Barbara Hamby

Ode to Roadside Shrines
January 28, 2016 Hamby Barbara

Ode to Roadside Shrines


I first see you in Crete, little boxes on four skinny legs,
nestled in an olive orchard on the dirt road,
with rain soaked and sun faded pictures of a saint
or Mary or even Jesus with his crown of thorns,
or his sacred heart right there on his chest for everyone
to see, and up in the mountains, where villages
are perched like awkward birds on the slopes,
are shrines to partisans who were murdered
by the Nazis. What do you mean, little iron boxes
in empty fields and beside parking lots,
some cluttered with trash, others overgrown with weeds
and vines? Are you a prayer or are you
like a thank you card to the universe? Sometimes
there is a photo of a young man,
so maybe you are like the crosses we see on tricky
curves in the South with the names
of boys who drank too much whiskey on Saturday
night and ended up in an early grave,
or the Sunday School teacher they hit and killed
along with her little girl and baby,
and some of you seem to be forgotten, as if the man
or woman who filled you with plastic flowers
and water bottles has died or moved to the next town,
and there you stand, a pale green metal cage
with broken glass and a bird nest or wasp nest,
but the flowers around your feet are real,
the wildest of wild flowers, tiny pinks or yellow
buttercups or daisies like butterflies
perched on stems akimbo in the morning sun,
so little boxes of the open road, bless me,
with your crooked legs and broken glass, show me
the way to look at the unfathomable sky
above the Gulf of Corinth, take your candles, rocks,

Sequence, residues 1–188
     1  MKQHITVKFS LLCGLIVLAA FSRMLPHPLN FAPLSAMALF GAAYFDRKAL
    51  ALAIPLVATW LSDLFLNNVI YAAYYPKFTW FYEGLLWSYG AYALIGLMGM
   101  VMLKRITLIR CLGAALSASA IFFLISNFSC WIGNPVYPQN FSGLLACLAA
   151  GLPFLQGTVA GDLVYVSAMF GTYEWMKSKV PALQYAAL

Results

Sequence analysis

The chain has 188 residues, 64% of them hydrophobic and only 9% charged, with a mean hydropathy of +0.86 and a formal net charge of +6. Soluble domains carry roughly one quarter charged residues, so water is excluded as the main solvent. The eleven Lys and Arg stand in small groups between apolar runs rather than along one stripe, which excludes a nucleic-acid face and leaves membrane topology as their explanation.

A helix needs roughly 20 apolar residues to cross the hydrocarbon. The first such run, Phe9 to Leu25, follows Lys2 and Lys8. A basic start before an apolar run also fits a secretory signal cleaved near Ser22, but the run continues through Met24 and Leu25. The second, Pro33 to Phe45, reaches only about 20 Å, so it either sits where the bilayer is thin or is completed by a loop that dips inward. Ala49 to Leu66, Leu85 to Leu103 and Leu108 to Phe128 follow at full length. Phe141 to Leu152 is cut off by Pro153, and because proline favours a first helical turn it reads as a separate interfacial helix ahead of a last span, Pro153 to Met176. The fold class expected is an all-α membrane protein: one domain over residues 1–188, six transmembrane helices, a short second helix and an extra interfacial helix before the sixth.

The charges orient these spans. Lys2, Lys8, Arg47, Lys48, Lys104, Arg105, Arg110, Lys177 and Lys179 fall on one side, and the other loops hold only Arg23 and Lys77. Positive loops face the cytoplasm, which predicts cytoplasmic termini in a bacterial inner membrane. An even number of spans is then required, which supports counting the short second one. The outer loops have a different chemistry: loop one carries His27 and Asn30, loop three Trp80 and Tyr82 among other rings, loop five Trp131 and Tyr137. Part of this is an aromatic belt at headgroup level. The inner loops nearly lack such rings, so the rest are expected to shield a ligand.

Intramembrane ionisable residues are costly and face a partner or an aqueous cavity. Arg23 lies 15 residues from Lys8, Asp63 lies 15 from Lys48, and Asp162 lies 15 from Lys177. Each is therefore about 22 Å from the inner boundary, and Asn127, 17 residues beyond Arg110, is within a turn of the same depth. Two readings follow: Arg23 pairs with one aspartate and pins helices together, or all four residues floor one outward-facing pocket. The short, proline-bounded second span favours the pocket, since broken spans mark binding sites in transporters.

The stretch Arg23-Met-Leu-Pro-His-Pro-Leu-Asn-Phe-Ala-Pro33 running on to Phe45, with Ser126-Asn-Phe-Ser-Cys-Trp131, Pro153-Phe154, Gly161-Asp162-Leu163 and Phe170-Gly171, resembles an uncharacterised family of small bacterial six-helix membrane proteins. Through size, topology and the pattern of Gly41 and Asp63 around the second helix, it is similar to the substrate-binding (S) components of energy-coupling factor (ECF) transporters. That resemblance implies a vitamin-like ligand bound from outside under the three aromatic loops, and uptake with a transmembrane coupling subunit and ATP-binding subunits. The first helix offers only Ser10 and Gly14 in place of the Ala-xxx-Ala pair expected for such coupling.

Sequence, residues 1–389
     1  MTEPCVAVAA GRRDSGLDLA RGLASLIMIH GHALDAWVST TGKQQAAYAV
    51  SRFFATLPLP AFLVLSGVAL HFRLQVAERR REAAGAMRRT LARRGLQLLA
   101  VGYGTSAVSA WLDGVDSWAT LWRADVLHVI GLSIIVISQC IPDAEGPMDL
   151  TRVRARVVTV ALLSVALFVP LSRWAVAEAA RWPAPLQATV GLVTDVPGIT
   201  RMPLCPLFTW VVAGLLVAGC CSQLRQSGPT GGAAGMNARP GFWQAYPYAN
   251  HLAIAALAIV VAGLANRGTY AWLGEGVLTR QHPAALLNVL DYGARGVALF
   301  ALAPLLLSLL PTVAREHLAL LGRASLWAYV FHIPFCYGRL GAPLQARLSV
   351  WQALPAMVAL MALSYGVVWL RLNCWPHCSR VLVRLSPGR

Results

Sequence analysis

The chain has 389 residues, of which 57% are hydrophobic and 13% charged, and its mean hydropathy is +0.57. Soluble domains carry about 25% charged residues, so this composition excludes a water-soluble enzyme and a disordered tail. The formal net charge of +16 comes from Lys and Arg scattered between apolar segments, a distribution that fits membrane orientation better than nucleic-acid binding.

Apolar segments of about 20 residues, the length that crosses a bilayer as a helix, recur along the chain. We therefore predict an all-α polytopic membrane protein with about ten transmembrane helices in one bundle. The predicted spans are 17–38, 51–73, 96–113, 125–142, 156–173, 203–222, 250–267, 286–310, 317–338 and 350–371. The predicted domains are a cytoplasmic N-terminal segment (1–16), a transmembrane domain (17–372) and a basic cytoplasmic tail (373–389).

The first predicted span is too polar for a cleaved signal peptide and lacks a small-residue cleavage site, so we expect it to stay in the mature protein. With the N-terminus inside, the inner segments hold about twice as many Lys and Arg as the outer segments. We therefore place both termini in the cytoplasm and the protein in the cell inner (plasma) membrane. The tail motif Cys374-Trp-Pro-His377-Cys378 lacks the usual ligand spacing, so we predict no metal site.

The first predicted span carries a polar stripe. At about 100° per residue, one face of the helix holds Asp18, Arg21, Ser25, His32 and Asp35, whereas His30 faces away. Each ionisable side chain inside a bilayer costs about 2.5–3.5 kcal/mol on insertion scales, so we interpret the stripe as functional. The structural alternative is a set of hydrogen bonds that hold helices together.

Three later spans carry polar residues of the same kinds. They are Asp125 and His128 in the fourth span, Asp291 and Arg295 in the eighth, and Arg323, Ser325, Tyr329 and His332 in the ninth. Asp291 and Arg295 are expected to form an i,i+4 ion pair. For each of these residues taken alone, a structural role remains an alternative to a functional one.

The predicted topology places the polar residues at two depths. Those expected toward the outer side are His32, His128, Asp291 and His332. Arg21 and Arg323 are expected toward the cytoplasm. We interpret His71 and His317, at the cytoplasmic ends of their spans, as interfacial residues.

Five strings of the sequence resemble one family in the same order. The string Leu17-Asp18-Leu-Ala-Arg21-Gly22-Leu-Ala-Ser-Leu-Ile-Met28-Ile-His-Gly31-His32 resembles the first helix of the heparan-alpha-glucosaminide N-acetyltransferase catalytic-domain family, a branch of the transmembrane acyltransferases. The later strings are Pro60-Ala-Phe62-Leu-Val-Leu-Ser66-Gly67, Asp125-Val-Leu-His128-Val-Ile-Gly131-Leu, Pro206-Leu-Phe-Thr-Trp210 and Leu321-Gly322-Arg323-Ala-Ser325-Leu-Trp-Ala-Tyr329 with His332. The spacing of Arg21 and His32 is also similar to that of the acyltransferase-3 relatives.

and rusted coffee cans and tell me a story,
and I will make my own boxes—one for my mother
in her fur stole as a young working woman
in Washington, before the Bible squeezed her brain,
and another for my father in his sailor’s suit,
just a boy going off to war and lucky to survive,
and another for Keats, who left his body
in Rome and Neruda who left his in Santiago,
and one day we will all abandon our shrines,
whether they be houses or gardens or antique
Mustang convertibles and drop our bodies
like we take off our clothes before bed, and what
are we without our wardrobe of flesh?
Who are we moving through this world of shrines
with our thoughtless jabs at the earth
and sky? Like a sailor washed up on a deserted
shore, will we forget everything,
and be forgotten? Still we will have lived to stop
and stare at an ant carrying a piece
of bread four times the size of his own body
from our table to his waiting queen.

Barbara Hamby’s sixth book of poems is Bird Odyssey (University of Pittsburgh Press, 2018). Poems in that book were first published in The New Yorker, Poetry, American Poetry Review, Ploughshares, and Plume.